How are you doing, at the end of April? Have you made Row80 or New Years’ Goals that you’re struggling with? What are your success stories?





Quit Resisting the Muse!

27 04 2012

By Julia Indigo/@juliaindigo

 

The past several weeks have been, for all practical purposes, novel-writing free. As you might remember, I received a sleep apnea diagnosis a while back, and have now completed two months of treatment using a CPAP machine. I’m finally feeling mostly better, having more energy. If I wasn’t superstitious I’d say that I’m over the hump.

:::knocks on wood:::

Most weeks I’d barely managed 1,000 words, and that mostly blogposts, some weeks were a big, fat zero. Then on April 22nd I knocked out over 2,100. What happened? I stopped trying to tell my muse what’s what, that’s what!

I have been trying to hog-tie my (now 116,000+ word) novel into something that made three-act sense. I was looking for that opening scene, that inciting incident which would hook the reader into reading something that I hoped would be around 85,000 words. And it wasn’t working. I was blocked up, unable to move until I figured out where the heck to begin.

Then on Sunday morning, in the shower, my muse hit me over the head. (She has a way of jumping me when I least expect it).

“Just write the damned thing! Tell this man’s story! Damn the word count! We’ll figure it out later!”

Um, yeah. By the time I had dried my hair, I had the beginnings of three new scenes begging to be put on paper, and was ENTHUSED about writing again.

Today? I’m all WTH if it turns into a 210,000 word-trilogy. I’m unblocked, and writing better than ever.

And… I found a website with a novel-writing system that really appeals to me: the Snowflake System.

 

I’m going to take that out for a walk today, going through the steps for this particular novel, and fitting in the scenes that I’ve already written as I find them. Then I’m going to finish this novel, and self-publish it.





Friday blog love

20 04 2012

By Julia Indigo/@juliaindigo

I confess: I’m not much of a blog reader. I have a double handful of writer blogs that I subscribe to, and I read them from my inbox. For someone who got her geek cred when she hackintoshed her Dell Mini netbook with OSX, you’d think I could figure out how to use an RSS feed. But no. They are opaque to me. I rarely comment. I know, horrible HORRIBLE blog etiquette! But I do read the blogs that I subscribe to, and one that I adore is Lani Wendt Young’s blog, Sleepless In Samoa. One of her recent posts is a fav of mine: A Piano Fell On My Head.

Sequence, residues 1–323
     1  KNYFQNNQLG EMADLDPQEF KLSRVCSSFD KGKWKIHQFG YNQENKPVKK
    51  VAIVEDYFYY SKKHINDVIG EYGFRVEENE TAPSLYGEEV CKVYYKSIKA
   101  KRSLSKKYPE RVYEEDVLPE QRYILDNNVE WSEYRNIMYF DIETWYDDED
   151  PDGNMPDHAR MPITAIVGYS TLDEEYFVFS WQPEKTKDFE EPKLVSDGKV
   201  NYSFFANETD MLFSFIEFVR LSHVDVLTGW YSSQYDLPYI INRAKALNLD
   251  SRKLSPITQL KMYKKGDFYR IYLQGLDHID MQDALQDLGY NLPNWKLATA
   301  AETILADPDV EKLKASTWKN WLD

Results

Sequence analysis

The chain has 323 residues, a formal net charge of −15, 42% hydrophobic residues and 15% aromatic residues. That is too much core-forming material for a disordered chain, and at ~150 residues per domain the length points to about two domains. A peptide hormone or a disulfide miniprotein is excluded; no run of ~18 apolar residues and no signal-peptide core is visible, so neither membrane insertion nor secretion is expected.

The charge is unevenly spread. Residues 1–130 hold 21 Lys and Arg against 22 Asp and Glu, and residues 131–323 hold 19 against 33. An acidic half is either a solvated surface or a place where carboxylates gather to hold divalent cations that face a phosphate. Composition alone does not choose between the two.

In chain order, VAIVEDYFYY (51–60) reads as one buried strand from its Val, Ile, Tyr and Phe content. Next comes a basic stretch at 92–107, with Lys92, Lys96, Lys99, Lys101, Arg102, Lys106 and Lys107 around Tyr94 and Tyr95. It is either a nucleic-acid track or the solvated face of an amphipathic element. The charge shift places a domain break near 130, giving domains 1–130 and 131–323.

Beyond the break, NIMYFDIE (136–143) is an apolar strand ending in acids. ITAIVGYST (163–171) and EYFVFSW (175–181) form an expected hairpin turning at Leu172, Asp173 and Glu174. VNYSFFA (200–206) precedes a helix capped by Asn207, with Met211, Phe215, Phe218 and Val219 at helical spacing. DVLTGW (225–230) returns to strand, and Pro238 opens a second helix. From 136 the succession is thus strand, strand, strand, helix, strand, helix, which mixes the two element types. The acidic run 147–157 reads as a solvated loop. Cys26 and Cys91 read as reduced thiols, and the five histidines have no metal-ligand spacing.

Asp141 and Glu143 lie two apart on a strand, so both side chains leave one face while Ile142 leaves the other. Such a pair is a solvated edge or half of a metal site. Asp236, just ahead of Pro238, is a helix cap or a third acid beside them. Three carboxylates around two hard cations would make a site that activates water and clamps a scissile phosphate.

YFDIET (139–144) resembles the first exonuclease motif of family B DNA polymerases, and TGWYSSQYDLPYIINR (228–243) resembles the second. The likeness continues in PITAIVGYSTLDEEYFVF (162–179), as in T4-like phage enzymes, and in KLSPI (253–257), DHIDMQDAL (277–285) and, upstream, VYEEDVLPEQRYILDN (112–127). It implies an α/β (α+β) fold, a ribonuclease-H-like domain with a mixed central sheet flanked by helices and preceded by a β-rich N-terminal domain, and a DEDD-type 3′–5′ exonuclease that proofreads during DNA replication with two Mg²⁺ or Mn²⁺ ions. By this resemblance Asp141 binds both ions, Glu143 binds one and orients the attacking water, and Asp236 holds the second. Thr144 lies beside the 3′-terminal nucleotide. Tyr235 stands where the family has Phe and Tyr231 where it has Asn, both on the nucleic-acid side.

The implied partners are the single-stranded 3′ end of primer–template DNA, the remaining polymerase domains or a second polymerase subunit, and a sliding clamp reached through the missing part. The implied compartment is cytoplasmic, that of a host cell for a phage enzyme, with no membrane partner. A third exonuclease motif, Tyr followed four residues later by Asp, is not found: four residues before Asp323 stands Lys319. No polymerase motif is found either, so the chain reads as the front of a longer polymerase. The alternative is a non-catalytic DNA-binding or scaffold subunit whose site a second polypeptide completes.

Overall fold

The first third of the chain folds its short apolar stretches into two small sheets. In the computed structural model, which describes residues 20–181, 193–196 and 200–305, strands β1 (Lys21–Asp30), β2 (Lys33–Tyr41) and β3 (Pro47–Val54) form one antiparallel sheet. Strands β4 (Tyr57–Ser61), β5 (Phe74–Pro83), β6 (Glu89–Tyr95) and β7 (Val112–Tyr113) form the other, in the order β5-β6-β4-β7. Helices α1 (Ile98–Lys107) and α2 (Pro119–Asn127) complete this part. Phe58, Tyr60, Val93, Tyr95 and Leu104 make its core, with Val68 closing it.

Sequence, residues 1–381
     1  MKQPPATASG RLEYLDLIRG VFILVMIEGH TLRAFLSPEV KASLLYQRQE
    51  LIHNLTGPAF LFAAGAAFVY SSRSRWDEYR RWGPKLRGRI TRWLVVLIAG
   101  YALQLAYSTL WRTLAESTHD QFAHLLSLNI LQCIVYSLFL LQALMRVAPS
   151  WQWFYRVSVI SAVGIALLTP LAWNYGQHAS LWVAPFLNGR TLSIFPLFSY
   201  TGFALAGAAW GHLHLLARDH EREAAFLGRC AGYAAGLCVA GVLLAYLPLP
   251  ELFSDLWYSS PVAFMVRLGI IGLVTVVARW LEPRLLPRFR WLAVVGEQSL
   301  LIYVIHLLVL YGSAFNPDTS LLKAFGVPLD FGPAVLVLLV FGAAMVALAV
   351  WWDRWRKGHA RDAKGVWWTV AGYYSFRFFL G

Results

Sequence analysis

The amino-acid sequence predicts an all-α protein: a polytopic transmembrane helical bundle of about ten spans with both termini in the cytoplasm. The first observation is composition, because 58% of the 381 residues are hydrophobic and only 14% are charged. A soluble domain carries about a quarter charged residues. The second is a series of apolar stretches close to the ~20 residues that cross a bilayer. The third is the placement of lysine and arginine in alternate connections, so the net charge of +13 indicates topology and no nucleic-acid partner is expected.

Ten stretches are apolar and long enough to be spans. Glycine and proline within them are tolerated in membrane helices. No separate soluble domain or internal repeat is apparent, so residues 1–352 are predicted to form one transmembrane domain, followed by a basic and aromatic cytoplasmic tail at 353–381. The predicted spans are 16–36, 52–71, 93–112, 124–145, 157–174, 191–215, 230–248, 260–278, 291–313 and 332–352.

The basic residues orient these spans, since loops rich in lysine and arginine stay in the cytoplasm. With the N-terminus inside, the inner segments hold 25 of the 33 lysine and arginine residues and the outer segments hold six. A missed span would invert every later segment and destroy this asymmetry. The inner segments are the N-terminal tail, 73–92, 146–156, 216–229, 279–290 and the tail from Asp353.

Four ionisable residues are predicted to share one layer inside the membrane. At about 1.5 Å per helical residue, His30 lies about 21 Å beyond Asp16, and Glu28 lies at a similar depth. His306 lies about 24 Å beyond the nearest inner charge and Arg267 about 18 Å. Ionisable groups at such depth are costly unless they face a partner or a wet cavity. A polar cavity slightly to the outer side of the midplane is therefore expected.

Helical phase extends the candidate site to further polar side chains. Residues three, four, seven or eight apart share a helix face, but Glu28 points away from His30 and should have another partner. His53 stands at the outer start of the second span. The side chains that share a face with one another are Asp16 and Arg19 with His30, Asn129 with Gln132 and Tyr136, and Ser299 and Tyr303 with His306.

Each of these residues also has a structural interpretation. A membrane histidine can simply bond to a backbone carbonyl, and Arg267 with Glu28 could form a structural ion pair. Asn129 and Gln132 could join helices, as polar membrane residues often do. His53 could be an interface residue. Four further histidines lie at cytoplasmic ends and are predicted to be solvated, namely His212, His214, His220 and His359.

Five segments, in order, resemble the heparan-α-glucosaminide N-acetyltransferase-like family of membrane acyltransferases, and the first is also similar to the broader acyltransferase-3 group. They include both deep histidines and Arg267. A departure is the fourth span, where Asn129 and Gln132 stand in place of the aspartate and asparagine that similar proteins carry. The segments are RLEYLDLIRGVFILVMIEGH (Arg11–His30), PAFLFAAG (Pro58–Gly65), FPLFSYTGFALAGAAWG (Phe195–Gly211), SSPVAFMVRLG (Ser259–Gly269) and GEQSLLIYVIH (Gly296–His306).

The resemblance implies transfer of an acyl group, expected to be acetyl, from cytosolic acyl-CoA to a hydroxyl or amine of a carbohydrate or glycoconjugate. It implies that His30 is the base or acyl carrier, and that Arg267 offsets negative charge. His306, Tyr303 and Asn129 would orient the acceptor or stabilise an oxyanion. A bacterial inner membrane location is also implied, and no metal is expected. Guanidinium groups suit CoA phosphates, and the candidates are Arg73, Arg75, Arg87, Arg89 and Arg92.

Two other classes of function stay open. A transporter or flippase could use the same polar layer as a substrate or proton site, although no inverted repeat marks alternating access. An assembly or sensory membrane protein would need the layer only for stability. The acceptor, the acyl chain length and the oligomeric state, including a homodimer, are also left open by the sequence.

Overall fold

It was like a piano had fallen on my head. This is just not good enough.  I know I’m a hermit. I know I’m rather anti-social. I know that I have loser interpersonal skills. But after 52 weeks worth of Sundays with very welcoming, friendly, supportive and fun people – I should be better at this. But I’m not. Because I keep thinking that “I’m going home soon. I’m not going to be here for very long. This is not my REAL church/neighborhood/community. I don’t REALLY belong here. My REAL church/neighborhood/community is at home in Samoa.” So therefore I don’t REALLY need to make an effort. Because why bother?

I’m also a hermit, Lani. I need to put myself out there more, too. I can so identify with this! (and I did try to comment on that post, but the sign in was so frustrating that I gave up.)

Another blog that means a lot to me is Guinevere Gets Sober. Guinevere is in the UK, and her thoughts on addiction and sobriety and recovery are actually applicable to just about everyone, addicted or not, because recovery is about being human. And, as a bonus for me, her thoughts help me flesh out those of my alcoholic, sexually-addicted main character, Steven Canelli. More on him next week. Her post, Running With Athena (her friend, not the Goddess!) let’s everyone in on her insecurities… and how they are being healed.

Imagine, someone thanking me for running with her. Bloody hell.

My life is changing without my even trying.

And, if you want gorgeous pics to salivate over, try A Certain Slant of Light Photography. I have no idea how I found this blog, but I’m ooohing and aaaahing all the time there. Lovely stuff!

What blogs do you subscribe to, and why? What turns your crank?